The Carrera Reference 1158 is one of the most celebrated of the vintage Heuer chronographs.  This is the model that Jack Heuer presented to the Ferrari Formula One drivers in the early 1970s, and the model is celebrated by today’s collectors.  In this posting, we provide a guide to this highly-coveted Carrera.

The Reference 1158 Carrera was introduced in 1969 and production continued into the late 1970s, with the last appearance being in Heuer’s 1978 catalog.

Eight Standard Versions

There were eight versions of the 18 Karat Gold Automatic Carrera (Reference 1158), as follows:

Four versions of the 1158 S (silver dial):

1. “Chronomatic” version (from circa 1969) had “Chronomatic” across the top of the dial and “Carrera” across the bottom of the dial; first execution elements of the dial include (polished gold applied markers with black inserts, and numerals 3-6-9-12 on the hour recorder) and first execution hands (polished gold hands with black inserts); we believe that the Chronomatic version of the 1158 Carrera had extremely low production.

2. the first version (from circa 1970) had first execution dial (polished gold applied markers with black inserts, and numerals 3-6-9-12 on the hour recorder) and first execution hands (polished gold hands with black inserts); we believe that this version had extremely low production.

3. the second version had “transitional” dial (brushed gold applied markers, with gold at center and black edges, and numerals 3-6-9-12 on the hour recorder) and second exection hands (brushed gold, with black edges and points)

4. the third version (from circa 1972) had second execution dial (brushed gold applied markers, with gold at center and black edges, and numerals 1-through-12 on hour recorder) and second execution hands (brushed gold with black edges and points)

Two versions of the 1158 CH (champagne dial and registers):

1. the first version (from circa 1970) had second execution dial and first execution hands; note that we have never seen this execution “in the metal”, so it may be a prototype, it may be very low production, or it may be one that appeared in the catalog, but was never produced at all.

2. the second version (from circa 1974) had second execution dial and second execution hands

Two versions of the 1158 CHN (champagne dial / black registers):

1. the first version (from circa 1972) had second execution dial and second execution hands, with black date disc (and white numerals)

2. the second version (from circa 1977) had second execution dial and second execution hands, with white date disc (and black numerals)

In addition to these eight standard production models of the Reference 1158 Carrera, there was one special model made by Heuer, as a gift for Formula One racer, Ronnie Peterson.  This model used a Reference 1158 case, with a dial from the later Reference TBD model.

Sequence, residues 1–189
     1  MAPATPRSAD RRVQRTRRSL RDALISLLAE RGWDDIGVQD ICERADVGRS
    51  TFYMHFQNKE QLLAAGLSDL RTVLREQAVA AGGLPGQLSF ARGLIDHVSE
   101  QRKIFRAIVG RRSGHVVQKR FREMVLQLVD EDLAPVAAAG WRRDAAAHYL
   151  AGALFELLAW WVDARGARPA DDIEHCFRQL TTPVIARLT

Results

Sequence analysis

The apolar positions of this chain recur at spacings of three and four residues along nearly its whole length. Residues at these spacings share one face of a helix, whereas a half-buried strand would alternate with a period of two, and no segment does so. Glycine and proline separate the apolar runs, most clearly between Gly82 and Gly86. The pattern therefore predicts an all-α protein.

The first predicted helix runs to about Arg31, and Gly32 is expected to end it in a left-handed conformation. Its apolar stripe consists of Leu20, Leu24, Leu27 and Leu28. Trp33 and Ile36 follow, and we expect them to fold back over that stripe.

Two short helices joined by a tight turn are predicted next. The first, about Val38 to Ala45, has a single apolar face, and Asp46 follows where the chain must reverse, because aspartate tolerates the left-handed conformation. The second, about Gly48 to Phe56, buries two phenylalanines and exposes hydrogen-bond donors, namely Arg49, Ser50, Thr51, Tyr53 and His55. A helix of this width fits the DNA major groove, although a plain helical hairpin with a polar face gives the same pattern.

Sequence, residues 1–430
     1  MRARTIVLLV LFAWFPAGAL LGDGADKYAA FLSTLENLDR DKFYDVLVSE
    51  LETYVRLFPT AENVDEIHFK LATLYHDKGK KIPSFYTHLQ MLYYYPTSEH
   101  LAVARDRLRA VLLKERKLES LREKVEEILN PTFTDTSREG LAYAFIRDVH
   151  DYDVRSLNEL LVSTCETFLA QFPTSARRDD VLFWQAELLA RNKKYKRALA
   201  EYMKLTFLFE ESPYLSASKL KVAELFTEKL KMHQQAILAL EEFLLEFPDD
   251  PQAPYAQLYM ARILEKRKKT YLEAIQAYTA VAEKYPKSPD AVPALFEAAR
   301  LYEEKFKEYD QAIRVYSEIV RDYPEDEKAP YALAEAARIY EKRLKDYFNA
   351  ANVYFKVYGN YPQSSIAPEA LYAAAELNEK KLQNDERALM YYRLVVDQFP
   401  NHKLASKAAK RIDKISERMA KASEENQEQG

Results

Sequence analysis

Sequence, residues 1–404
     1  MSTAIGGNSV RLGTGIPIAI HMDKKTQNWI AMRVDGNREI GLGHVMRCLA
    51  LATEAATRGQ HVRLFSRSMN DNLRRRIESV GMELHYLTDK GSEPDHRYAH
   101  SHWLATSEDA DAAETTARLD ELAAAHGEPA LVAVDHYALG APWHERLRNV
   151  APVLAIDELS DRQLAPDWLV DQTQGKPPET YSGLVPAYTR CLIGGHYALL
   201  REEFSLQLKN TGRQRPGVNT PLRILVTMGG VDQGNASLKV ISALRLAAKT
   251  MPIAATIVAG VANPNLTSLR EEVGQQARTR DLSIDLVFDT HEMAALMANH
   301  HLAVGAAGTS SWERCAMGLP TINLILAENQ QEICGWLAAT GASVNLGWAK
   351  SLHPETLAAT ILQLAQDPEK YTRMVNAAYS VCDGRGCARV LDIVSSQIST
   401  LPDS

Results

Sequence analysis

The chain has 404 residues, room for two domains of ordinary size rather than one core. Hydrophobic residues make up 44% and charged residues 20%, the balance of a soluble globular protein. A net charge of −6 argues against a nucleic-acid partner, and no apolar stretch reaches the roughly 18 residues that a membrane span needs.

Defining Elements of the Carrera 1158 — Dial and Hands.

The photo below shows some of the defining elements of the 1158 Carreras.

This Carrera is an example of something that we see in so many of the Heuers — the hands match the markers, at least in a general sense. In this photo, we see the black edges of the hands matching up with the black edges of the markers. It’s the same concept in some of the steel automatic Carreras from the 1970’s . . . when the markers got fatter, then the hands got fatter.
These hands are difficult to photograph, but this photo shows the construction of the 1158 hands in good detail: brushed gold, with narrow luminous inserts, and black edges and black triangular tips.

These hands were used on all the production models of the 1158, once we get past the earliest models (from around 1970); the earlier models had polished gold hands, but these executions were either prototypes or very low production.

Notice the black inlay on the marker at twelve o’clock; these are the kinds of details that make these Reference 1158 Carreras so special.

Also notice the texture / grain on the dial. This brushed, metallic finish is similar to the finish we see on the Reference 1133 “transitional” Monacos.

The Bracelets

The bracelets for the 1158 Carreras are unique pieces within the line of Heuers, for several reasons. Today’s collectors might expect to find a Reference 1158 Carrera chronograph offered for sale three or four times per year; finding a bracelet is far more difficult.

Construction of These Bracelets. The bracelet is constructed in “Maglia Milanese” style, comprised of hundreds of small links of gold, assembled into a thick mesh. The longer piece of the bracelet (without the clasp) is 82 millimeters and has 32 diagonal rows of links, with 13 links per row; the shorter piece of the bracelet (which has the clasp) is 65 millimeters, without the clasp, and has 25 diagonal rows of links, with 13 links per row. The clasp is polished gold and stamped with the Heuer logo. One piece of the clasp is marked “750” (meaning 18 karat), “GF” (for Guy Frers, the manufacturer of the bracelet) and “Swiss Made”; the other piece of the clasp shows the date of production (by the quarter and year, for example 4/72). The bracelet is adjustable within the clasp, but the links may not be removed.

California Cool. Jack Heuer reports that the company did not consider the 18 karat gold bracelets to be consistent with Heuer’s sports / racing theme, but they thought of these massive gold bracelets as being more “California” / flashy style. [Remember that many people call chronographs “tool watches”; we do not see many 18 karat gold tools, do we?] Accordingly, when the US manager (in Springfield. New Jersey) requested that these gold bracelets be offered by Heuer, the company (in Switzerland) did not pursue the design and production of these bracelets, but this project was undertaken by the US manager, with the company’s approval. Mr. Heuer indiactes that any of the gold bracelets offered throughout the world probably came through the US office. It is interesting that, though these bracelets were not “officially” included in the company’s line of products, Heuer still showed the 1158s on the bracelets in most of its catalogs.